Rewilding Europe’s enterprise work is now seeing nature-based businesses mushroom across Europe. The economic prosperity they are generating is benefitting people and wild nature on a growing scale.
Beyond the shuttered windows of the beautifully renovated shepherd’s cottage the wind whips through the walnut trees. Fortified by a meal of delicious, locally prepared food and a few glasses of local wine, the guests inside sit back and contemplate a day of wildlife watching beside a roaring fire. Then, high above the noise of the wind, comes howling of a very different kind.
Where in Italy can nature lovers see a pack of wolves loping through the winter snow, or a brown bear ambling across a springtime hillside, all from the window of their accommodation? Thanks to a 40,000 euro loan from Rewildling Europe Capital (REC), the answer is the new Bisegna Mountain Refuge. Opening its doors in 2017, this is now one of the most spectacular properties in the Central Apennines.
“The financial and technical support we received from Rewilding Europe was a real game changer,” says Umberto Esposito, a hiking instructor and nature photographer who founded Wildlife Adventures, the Pescasseroli-based company which runs the refuge. “Without it we wouldn’t have been able to open this amazing property, which now benefits both wild nature and people in the local area.”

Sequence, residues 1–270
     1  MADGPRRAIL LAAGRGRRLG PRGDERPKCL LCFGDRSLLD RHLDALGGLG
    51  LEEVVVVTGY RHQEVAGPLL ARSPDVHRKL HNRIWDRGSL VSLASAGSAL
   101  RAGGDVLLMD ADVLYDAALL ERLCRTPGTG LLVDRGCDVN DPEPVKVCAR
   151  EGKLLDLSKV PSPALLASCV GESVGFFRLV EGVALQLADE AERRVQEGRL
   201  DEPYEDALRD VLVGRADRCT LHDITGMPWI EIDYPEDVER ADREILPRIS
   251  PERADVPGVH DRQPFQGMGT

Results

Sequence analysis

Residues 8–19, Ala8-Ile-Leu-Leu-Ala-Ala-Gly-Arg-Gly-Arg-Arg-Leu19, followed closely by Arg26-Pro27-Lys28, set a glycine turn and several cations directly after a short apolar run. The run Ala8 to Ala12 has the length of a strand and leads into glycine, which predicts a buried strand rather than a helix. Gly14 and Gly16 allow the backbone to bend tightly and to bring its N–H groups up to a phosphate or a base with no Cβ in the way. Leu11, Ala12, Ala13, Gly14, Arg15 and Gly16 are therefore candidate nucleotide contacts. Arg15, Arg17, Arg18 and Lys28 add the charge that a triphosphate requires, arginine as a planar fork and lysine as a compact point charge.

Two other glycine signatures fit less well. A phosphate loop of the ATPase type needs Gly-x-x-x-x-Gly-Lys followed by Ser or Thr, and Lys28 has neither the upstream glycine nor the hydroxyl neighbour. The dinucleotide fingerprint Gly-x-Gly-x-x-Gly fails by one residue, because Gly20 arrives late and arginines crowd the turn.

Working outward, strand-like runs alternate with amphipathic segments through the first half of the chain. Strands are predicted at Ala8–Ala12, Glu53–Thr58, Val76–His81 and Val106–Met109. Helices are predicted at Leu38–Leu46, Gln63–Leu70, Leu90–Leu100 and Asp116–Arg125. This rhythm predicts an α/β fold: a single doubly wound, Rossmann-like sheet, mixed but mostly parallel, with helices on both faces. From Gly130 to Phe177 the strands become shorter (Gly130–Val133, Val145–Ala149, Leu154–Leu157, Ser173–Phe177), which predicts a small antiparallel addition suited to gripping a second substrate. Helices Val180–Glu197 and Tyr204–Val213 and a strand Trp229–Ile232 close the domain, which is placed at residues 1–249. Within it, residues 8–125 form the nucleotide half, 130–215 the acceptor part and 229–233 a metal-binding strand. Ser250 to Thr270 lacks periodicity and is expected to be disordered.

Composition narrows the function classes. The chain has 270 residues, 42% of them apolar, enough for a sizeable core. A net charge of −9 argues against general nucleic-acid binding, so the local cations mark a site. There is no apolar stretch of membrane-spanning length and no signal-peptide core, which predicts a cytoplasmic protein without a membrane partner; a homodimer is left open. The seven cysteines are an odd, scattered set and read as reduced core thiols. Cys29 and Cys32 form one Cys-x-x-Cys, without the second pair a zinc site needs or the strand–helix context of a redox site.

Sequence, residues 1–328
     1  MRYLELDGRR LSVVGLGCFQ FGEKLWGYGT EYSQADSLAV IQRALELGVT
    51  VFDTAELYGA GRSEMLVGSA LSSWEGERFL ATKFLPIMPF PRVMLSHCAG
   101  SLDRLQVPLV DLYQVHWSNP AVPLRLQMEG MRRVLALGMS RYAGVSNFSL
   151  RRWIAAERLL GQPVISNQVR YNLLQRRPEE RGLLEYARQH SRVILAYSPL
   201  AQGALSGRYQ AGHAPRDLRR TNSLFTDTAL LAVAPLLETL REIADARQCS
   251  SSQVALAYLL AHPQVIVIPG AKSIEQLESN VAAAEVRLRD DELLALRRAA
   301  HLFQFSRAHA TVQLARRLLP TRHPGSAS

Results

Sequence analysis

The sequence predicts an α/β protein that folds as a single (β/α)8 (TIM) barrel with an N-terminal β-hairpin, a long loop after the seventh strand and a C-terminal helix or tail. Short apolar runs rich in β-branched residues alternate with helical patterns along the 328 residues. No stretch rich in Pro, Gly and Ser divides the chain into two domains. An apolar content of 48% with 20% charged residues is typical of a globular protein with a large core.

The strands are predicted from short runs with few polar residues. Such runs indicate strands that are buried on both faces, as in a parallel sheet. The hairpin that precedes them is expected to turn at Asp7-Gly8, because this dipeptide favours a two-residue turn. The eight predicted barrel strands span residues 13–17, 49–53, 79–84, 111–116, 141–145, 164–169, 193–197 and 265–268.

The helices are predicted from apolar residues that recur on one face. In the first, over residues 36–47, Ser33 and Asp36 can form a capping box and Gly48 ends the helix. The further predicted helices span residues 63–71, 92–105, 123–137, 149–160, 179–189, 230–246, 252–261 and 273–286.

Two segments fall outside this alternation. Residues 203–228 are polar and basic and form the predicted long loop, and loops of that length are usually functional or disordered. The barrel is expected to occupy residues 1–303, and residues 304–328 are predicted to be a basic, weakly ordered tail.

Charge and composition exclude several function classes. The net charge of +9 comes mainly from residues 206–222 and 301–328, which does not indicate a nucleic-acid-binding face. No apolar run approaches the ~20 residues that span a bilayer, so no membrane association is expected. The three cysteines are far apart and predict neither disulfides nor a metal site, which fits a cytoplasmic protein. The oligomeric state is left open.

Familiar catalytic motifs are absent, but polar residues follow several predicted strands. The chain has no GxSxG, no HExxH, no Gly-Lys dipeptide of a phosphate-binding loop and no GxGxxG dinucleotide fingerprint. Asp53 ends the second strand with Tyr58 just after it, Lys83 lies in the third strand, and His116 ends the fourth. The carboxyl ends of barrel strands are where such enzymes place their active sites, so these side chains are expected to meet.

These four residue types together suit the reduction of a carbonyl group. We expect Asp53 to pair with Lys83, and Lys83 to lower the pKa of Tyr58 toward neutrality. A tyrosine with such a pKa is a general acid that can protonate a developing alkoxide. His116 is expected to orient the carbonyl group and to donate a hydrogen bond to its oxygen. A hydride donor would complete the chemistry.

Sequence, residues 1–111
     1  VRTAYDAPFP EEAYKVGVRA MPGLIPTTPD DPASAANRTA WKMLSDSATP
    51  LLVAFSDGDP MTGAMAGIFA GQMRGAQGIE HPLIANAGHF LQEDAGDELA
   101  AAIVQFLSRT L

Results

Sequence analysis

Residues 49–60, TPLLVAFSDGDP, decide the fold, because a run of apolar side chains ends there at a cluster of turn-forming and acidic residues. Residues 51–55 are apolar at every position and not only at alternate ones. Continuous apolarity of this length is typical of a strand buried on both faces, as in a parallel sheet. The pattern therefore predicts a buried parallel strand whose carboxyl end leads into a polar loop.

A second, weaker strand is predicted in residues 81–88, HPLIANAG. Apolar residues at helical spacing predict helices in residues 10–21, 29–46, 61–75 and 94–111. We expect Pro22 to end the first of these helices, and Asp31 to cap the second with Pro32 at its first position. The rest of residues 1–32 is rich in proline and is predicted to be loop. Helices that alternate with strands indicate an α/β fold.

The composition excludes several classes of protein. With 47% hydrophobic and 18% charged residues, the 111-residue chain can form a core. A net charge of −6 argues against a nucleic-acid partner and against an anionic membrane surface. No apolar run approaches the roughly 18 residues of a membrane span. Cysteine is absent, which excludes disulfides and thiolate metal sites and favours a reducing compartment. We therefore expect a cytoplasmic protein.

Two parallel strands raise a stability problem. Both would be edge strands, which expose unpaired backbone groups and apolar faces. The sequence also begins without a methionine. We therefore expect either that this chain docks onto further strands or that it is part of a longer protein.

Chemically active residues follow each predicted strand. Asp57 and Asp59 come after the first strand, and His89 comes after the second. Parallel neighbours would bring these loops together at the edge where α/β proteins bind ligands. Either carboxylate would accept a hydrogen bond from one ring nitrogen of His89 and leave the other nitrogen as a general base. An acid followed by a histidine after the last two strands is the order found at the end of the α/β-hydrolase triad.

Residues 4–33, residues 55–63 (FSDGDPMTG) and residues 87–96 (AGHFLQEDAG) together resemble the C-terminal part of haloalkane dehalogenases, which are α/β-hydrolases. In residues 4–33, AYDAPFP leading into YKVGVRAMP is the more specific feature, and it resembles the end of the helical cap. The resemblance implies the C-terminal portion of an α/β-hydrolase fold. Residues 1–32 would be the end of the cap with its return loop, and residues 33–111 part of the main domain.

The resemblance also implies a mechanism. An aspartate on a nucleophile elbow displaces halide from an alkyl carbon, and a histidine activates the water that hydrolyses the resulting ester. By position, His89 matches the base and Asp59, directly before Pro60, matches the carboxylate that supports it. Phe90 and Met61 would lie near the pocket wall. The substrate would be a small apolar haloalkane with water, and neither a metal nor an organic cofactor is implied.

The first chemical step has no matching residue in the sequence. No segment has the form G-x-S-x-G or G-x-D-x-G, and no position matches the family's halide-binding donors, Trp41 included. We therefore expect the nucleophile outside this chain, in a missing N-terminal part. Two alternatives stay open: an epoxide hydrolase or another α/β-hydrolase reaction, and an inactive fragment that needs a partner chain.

The business of rewilding
In contrast to many other parts of the world, there is still very little awareness in Europe about the potential for developing businesses that engage with and support the conservation and rewilding of natural landscapes. In rural areas where the commercial value of wild nature is poorly understood, access to finance for enterprises working with nature is pretty much non-existent.
This is the reason Rewilding Europe Capital (REC) was founded in 2014. As the first conservation enterprise investment vehicle to focus on the rapidly expanding European rewilding movement, REC works to stimulate economic growth and development directly connected to the rewilding of natural landscapes. By the end of 2017 it had financed 19 businesses in six European countries, with a commitment totaling 520,000 euros and a portfolio of sectors including nature-based tourism, natural products, natural resource management and habitat restoration.
“From a personal perspective it’s always inspirational to visit enterprises which have received financial support from REC,” says Timon Rutten, who recently joined Rewilding Europe as the Head of Enterprise. “Helping these businesses and watching them grow and have a positive impact on both the local community and wild nature is really why I chose to become involved with Rewilding Europe.”
A holistic approach
Nurturing enterprises which support rewilding isn’t just about money, of course. Rewilding Europe’s enterprise team provides technical and promotional support to rewilding-related businesses too. By the end of 2017, 124 enterprises had received support from Rewilding Europe, of which 43 had received dedicated training. Many have also received advice on promoting their business through social media and a well-targeted web presence.
“Our support for the Bisegna Wildlife Refuge started in 2016,” says Simon Collier, Rewilding Europe’s Wildlife Tourism Manager. “We visited the area three times to speak with Umberto about developing the project, and are still in contact with him regularly.”